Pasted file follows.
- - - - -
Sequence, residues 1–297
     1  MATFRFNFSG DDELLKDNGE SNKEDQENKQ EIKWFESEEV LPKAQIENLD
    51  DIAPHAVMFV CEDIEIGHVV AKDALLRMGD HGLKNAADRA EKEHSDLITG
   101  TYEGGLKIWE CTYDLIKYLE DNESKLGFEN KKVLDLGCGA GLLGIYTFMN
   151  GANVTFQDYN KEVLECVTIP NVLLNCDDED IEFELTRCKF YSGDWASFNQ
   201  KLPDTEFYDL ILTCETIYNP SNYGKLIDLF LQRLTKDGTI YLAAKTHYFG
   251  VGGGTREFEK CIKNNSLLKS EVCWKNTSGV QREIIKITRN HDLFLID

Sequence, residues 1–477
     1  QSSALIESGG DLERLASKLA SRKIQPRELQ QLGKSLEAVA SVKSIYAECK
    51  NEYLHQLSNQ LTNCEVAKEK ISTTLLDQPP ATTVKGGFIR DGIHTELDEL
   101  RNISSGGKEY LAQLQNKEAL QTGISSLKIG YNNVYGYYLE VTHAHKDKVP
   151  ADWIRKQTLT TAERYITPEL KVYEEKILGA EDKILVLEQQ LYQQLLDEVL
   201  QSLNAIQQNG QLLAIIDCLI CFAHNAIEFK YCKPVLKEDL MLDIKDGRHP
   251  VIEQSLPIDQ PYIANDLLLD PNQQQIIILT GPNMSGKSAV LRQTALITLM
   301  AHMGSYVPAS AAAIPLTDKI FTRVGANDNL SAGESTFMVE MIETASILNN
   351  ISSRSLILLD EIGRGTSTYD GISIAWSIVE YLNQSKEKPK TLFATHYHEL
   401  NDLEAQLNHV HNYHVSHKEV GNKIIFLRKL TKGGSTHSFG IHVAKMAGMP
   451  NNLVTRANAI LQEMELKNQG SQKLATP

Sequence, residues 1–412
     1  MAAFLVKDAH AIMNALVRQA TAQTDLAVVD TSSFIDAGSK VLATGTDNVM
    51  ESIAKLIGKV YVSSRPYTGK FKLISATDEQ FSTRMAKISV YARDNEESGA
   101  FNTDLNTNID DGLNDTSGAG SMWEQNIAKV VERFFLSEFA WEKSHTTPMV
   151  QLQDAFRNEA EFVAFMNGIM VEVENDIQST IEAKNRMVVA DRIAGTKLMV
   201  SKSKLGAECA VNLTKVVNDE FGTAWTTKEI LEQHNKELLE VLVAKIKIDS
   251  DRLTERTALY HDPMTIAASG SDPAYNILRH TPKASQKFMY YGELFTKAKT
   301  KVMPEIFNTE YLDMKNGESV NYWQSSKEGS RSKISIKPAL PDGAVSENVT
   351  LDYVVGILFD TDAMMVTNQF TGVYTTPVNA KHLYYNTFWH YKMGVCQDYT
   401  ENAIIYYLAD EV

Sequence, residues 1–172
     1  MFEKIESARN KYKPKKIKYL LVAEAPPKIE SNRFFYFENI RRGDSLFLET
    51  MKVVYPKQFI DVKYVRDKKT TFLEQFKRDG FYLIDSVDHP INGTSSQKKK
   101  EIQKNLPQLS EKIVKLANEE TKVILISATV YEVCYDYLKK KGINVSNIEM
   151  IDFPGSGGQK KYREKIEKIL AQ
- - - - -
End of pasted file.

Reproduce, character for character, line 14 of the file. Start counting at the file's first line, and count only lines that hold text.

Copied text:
   251  VIEQSLPIDQ PYIANDLLLD PNQQQIIILT GPNMSGKSAV LRQTALITLM